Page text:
Following my day-long testimony, I thought that the variety of feelings I was experiencing would have gone away. I felt as if my emotions had run amuck since I would go from confident to sadness in a moment’s notice. I still had trouble believing that we were actually going through this ordeal and that we were more than halfway through the court case. I was relieved that our side was almost finished testifying, but was I ready to hear what the defense had to say?
I knew walking into the courtroom that day that things were going to be difficult. Dr. Liar had been the one who we had been talking about — the mistakes he made as well as the lies he told. While I had felt that my injury was put into question, I knew that the trial would now shift to the defense wanting to discredit me. We had already watched some of that occur during my cross-examination and in the questioning of our expert witnesses. However, now it was time for the defense to discuss the examinations with their expert witnesses, including the neurologist and neuro-psychologist. And, lastly, Dr. Liar would take the stand in his own defense.
Due to scheduling conflicts, we had one last witness who testified for us — the neurosurgeon from New York (I will refer to him as Dr. D.). Dr. D., who couldn’t believe what happened to me in the operating room, had agreed to serve as an expert witness due to the mistakes and also because Dr. Liar covered it up. Oftentimes it can be difficult to find a neurosurgeon or any practicing doctor to testify against another doctor. There seems to be some unwritten doctor pledge or code that prevents them from disagreeing with another doctor in an open forum. However, Dr. D. reviewed our case, was upset at the lack of care I received, and was willing to speak out against a fellow colleague in a court of law.
After making his way to the witness stand and spending a great deal of time discussing his qualifications, it was clear that the jurors understood that he was a prominent neurosurgeon and had far more experience than Dr. Liar. Our attorney asked him to explain in detail the Cervical Discectomy and Fusion surgery that was performed on me by Dr. Liar and what went wrong. He began by discussing the differences in the way he and Dr. Liar perform the surgery. Dr. D. also indicated that he has an orthopedic doctor in the operating room during a Cervical Discectomy and Fusion surgery. When asked why Dr. Liar wouldn’t have made this same request, he indicated that many younger doctors are told that it is an added expense and it’s no longer necessary. In addition, Dr. D. told the jury that during the surgery Dr. Liar made some incorrect decisions and mistakes.
Our witness went through the surgery step-by-step making it easy for the jury to understand the complete surgery. He explained that the first step taken by Dr. Liar was making the incision through my throat area and moving aside my neck muscles, trachea, and esophagus. He explained that it is less risky to do the anterior approach rather than a posterior approach since the disc can be reached easier than going through the back of the neck. He went on to explain that after the disc was removed, the space between the bony vertebrae is empty and Dr. Liar would have inserted a spacer to determine what size donor bone to use. In the past, a portion of the my hip bone may have been used, but many doctors no longer do this type of procedure due to the high rate of infection (this is what Dr. Liar also told us). Therefore, varies sizes of donor bones were in the operating room and one would be used where the herniated disc was removed to prevent the vertebrae from collapsing and rubbing together. To form a bone graft, Dr. Liar added a plate and two screws to create a solid union – or fusion – between my two vertebrae to help strengthen the spine.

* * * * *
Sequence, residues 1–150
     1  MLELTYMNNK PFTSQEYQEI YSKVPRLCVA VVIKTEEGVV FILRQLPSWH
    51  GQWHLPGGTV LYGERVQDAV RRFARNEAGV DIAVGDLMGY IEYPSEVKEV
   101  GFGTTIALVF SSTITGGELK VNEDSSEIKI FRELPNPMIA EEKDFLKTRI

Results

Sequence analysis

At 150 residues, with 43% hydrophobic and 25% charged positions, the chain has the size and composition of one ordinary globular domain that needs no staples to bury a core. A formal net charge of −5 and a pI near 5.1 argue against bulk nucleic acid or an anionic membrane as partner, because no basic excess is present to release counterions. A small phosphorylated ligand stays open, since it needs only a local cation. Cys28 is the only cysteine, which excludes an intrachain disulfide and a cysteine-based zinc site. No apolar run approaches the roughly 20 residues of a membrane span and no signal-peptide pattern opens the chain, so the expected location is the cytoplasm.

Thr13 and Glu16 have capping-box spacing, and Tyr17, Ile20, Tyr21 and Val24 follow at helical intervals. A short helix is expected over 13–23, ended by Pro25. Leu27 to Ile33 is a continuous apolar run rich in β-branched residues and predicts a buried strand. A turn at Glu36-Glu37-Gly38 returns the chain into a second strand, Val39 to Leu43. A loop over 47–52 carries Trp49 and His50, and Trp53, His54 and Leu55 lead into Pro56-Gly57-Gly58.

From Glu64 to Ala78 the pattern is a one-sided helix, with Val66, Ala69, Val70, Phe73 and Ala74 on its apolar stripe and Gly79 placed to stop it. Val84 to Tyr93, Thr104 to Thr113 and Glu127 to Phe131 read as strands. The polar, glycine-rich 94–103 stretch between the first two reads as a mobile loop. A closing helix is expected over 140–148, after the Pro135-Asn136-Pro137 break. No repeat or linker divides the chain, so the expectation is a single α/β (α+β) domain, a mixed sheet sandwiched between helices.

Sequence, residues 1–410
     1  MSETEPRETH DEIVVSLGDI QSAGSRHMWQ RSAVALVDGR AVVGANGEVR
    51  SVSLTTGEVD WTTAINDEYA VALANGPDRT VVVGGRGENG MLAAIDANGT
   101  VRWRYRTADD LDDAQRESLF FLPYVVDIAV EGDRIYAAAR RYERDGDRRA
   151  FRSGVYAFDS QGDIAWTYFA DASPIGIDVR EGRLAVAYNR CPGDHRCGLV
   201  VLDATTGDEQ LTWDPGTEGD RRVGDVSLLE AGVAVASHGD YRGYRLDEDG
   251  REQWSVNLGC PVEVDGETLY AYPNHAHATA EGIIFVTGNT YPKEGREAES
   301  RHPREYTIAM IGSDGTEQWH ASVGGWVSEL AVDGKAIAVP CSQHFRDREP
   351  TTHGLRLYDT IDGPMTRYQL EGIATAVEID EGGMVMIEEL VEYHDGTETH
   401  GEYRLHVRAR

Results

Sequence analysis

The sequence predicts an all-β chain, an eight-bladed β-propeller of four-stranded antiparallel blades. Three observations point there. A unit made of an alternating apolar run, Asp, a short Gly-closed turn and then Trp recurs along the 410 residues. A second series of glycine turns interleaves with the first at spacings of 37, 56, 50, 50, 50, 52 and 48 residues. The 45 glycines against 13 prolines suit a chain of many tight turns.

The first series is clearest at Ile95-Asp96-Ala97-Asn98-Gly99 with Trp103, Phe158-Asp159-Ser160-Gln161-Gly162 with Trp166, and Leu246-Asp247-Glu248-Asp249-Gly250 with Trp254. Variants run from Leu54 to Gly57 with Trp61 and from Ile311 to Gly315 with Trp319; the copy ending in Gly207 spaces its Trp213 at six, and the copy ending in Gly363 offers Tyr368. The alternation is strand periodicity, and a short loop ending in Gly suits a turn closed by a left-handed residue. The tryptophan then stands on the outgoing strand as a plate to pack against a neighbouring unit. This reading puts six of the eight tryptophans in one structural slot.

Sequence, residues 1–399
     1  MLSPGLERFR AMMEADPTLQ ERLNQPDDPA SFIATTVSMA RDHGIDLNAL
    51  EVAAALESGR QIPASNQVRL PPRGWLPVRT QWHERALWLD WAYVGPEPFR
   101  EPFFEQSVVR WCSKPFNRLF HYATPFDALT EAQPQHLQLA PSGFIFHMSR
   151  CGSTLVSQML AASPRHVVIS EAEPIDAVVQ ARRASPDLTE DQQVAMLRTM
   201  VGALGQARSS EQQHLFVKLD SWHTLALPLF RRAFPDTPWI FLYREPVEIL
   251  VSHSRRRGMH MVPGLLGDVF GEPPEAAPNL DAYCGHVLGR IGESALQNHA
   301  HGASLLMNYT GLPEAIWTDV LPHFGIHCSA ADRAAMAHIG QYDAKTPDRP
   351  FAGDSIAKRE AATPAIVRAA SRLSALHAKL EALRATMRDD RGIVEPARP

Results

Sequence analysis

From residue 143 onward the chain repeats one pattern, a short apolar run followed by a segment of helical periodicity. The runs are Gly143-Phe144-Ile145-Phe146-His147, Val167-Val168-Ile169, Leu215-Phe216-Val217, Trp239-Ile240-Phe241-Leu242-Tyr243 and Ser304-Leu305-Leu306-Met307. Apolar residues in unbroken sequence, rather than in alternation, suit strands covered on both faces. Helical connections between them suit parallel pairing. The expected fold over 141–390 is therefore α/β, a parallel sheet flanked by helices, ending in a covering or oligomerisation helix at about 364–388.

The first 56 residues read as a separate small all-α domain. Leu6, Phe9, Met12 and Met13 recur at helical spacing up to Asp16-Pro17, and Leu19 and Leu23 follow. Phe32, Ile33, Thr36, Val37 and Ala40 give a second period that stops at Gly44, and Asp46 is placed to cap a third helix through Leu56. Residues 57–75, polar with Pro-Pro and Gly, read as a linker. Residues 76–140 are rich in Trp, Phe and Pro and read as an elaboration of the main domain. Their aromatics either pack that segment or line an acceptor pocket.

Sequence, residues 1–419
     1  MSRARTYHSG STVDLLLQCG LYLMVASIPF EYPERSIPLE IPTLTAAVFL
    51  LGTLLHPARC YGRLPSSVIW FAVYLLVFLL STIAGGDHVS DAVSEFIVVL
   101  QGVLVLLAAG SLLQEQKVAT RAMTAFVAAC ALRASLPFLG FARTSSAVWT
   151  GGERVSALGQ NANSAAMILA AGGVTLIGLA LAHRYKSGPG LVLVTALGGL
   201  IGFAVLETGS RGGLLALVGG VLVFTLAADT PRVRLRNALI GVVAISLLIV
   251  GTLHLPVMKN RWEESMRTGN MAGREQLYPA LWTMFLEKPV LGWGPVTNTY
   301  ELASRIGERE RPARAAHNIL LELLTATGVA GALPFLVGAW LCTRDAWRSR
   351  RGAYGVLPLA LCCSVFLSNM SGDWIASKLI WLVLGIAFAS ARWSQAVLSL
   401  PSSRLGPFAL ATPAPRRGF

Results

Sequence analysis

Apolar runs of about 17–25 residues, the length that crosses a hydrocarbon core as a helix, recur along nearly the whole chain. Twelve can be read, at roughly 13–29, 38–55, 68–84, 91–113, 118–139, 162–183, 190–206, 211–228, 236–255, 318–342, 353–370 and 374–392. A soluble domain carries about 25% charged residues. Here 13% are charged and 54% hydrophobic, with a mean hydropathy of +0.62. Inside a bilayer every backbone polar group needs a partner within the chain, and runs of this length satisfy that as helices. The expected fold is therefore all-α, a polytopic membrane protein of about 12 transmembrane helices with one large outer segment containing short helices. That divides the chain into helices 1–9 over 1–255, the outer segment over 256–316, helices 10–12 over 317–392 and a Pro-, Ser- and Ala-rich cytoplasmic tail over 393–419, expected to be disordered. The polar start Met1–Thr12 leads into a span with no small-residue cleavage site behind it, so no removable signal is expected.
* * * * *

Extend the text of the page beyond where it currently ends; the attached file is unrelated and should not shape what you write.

Dr. D. continued to explain that this is how the surgery should have been performed; however, the problem with my surgery occurred when Dr. Liar had chosen an incorrect spacer. One spacer was too big; one too small. He used the larger spacer and a mallet to force and make it fit. There is a stop on each spacer to prevent it from being inserted too far. Dr D. went on to explain that Dr Liar had hit the mallet so hard that the bone was moved along with the spacer and struck my spinal cord causing the permanent damage. Thus, the imprints that are revealed on my MRIs are where my spinal cord was hit.
Following the hit from the mallet, the nerve monitor used during surgery showed that I no longer had nerve activity on my right side. Dr. D. explained that Dr. Liar stopped the surgery and most likely he and the operating staff simply stared at the monitor waiting for some activity to register. He added that the longer body parts or limbs go without nerve function, the more damage occurs. Dr. D. read from the Operative Report that Dr. Liar administered Solu-medrol in hopes of reducing inflammation. In fact, Dr. D. stated, that the doctor wrote that he enacted spinal cord injury protocol following the hit with the mallet that caused the injury and the loss of nerve function.